I worked with Neil for a few years at the wonderfully named Burger Parade. We were both at college at the time. I left Burger Parade just as he was starting to gig Meursault as a two-piece. Years later I stumbled back in touch with him again and he gave me ‘Pissing On Bonfires, Kissing With Tongues.’ He told me that the second verse of ‘A Small Stretch Of Land’ was about the tumultuous relationship between myself and my Ex Girlfriend. I remember being quite touched, and even more so when it turned out to be such a great piece of music. A rather awkward moment arose years later when I mentioned to one of the guys in Meursault the story behind the second verse, and a look of absolute astoundment crossed their face: “He said that was about me!!”
Neil Young – Cortez The Killer
Without a doubt my favourite Neil Young song. The first time I ever heard it was about 12 years ago in a bar on Rose Street when Neil from Meursault did a cover of it. At the time I actually thought it was one of his! Afterwards he corrected me and I sought it out. I just love how long it goes on for, especially the intro, and the guitars! Don’t get me started on the guitars! Not so long ago, my girlfriend acquired ‘Zuma’ on vinyl from her Dad’s collection after he passed away. He was big a Neil Young fan and she got left some of his vinyl, which one day we plan on passing down to our kids.
Bright Eyes – First Day Of My Life
I was properly introduced to Bright Eyes when I met my girlfriend Ella. This song, and the whole album was barely off the stereo during that first year of getting to know each other. ‘I’m Wide Awake It’s Morning’ came full circle a few years later, when we had it playing at the birth of our first son. I believe this song was playing when he finally popped out.
Los Campesinos! – You! Me! Dancing!
I lived in London for a while with Ella, and we’d constantly go to gigs, almost every single night of the week. We had no responsibilities and an almost disposable income, so we just immersed ourselves in everything around us. ‘You! Me! Dancing!’ soundtracked it all. This song summed us up. I can’t actually dance a single step to save my life, so the lyrics resounded with me too. The last line of the song encapsulates us both at that time “We’re young, we’re stupid, but we’re happy.”
Monty Python – Always Look On The Bright Side Of Life
Ella’s Father passed away in 2012. He was such a lovely man, and also had the biggest vinyl collection I’d ever seen, which he left to his daughters. He encouraged and supported what I was doing with The Last Battle. He helped us out a lot. He was always asking to hear our new songs right up until his death.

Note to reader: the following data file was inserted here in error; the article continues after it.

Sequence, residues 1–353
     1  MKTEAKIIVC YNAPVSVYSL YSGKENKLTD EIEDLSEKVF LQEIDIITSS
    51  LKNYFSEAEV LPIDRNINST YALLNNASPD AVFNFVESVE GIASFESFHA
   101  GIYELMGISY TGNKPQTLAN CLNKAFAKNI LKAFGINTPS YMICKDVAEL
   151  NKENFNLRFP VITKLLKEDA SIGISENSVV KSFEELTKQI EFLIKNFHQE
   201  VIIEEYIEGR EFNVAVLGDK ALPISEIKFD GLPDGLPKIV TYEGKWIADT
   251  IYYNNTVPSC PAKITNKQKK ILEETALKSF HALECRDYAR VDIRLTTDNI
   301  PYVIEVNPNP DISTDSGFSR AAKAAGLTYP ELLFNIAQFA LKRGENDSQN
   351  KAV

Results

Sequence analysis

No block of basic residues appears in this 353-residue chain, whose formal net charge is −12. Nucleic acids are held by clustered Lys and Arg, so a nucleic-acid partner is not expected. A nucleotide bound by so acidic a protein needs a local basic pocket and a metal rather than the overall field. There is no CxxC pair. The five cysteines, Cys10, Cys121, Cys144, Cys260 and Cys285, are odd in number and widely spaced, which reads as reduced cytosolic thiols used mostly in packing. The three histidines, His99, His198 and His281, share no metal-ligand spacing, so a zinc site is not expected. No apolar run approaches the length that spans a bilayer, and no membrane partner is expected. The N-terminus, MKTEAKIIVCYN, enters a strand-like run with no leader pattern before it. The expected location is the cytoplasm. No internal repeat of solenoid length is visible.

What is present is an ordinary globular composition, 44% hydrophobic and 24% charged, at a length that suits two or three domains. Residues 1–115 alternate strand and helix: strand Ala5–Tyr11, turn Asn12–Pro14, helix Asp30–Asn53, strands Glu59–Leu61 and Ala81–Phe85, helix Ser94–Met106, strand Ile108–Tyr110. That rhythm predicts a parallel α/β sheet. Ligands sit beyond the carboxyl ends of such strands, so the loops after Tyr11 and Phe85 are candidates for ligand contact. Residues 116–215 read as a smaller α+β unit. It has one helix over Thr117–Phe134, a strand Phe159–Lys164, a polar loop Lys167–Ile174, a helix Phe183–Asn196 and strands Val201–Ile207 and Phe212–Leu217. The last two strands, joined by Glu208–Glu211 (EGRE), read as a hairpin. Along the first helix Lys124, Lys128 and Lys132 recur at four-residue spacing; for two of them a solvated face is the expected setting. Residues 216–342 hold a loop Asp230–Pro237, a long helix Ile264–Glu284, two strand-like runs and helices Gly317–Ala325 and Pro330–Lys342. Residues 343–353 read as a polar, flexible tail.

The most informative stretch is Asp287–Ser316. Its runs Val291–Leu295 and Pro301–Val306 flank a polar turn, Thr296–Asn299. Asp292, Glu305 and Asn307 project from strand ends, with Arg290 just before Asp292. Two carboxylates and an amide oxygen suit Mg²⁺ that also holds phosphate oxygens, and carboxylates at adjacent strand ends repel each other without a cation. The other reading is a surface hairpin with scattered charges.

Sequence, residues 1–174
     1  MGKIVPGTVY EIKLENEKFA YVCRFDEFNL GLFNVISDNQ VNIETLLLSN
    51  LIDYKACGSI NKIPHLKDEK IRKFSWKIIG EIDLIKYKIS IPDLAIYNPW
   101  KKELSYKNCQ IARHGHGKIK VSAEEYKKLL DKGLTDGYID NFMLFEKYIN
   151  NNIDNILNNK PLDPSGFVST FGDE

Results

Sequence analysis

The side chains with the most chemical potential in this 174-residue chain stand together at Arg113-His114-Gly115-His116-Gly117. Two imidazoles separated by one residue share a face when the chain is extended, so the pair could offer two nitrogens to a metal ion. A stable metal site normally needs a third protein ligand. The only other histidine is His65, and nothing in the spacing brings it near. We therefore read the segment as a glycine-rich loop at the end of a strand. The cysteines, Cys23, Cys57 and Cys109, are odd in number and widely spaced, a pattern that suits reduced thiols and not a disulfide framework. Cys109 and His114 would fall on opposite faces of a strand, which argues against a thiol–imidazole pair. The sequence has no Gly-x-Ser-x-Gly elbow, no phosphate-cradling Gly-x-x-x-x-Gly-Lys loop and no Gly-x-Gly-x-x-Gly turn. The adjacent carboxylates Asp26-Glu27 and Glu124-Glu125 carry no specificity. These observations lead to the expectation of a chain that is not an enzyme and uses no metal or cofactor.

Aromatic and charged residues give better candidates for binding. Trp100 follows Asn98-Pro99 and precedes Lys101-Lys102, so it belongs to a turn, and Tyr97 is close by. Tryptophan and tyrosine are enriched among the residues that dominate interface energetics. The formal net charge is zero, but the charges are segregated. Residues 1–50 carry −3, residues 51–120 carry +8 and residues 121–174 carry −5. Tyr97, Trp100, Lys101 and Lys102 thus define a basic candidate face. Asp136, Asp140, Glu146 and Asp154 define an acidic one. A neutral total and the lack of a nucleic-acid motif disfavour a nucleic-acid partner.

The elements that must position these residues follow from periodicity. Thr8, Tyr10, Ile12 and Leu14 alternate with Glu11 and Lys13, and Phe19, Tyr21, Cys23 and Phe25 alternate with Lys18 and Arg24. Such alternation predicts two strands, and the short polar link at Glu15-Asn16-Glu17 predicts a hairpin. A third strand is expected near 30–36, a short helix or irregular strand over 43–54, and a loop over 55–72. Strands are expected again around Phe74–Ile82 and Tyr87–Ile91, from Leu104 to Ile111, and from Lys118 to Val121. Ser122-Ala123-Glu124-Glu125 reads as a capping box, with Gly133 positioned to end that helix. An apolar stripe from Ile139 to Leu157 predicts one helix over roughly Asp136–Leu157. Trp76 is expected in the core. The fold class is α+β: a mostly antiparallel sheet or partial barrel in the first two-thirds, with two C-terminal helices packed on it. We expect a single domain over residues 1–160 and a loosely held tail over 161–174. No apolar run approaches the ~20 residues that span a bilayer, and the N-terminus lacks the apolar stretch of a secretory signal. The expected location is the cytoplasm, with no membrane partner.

His funeral was like no other I’ve ever seen: No one was to wear any black sombre colours, and there was to be lots of music played throughout. It was a celebration. His was taken in this bright colourful coffin and driven to the crematorium in a white VW Campervan with ‘Always Look On The Bright Side Of Life’ blasting out. I’ll never forget that day or him.
Matson Jones – New York City Can Fuck Off
This song was one of the reasons me and Paul started The Last Battle. We’d been in guitar bands together since we were teenagers, and here were Matson Jones from New York doing the band thing minus guitars but with Cello’s and making it totally work. They were why we had to have a Cellist in our band. They made Cello’s look awesome. Our band used to play this song to death: on the way to gigs, at parties, you name it.
Electrelane – The Greater Times
Electrelane were so under appreciated at the time, and one my favourite all-female bands ever. They went on an indefinite hiatus in 2007 before I ever got to see them. The ‘Greater Times’ is the opening song on their fourth album ‘No Shouts, No Calls’ so it was the first thing I heard by them, before discovering their back catalogue. I recently discovered a full concert of theirs on youtube – it was so fucking good. The world is an upside down place when a band like Haim are successful, but a wildly better band like Electrelane go relatively unknown.
Idlewild – The Bronze Medal
Ok I’m having two Idlewild songs. This is the closing song on ’100 Broken Windows’ their 2nd album, which was such a massive step up from their debut. This was a different side to them that I really liked, and I love how the guitar sounds in it. It used to crack me up how Roddy Woomble would sing ‘Fire Place’ too. When the album came out I bought it on vinyl and went to a signing of theirs at hmv. In my bumbling teenage self I very uncooly told them about how my old band used to rehearse after them before they were signed. Bless them – they pretended to be interested, but in actual fact were probably too hungover to care or remember!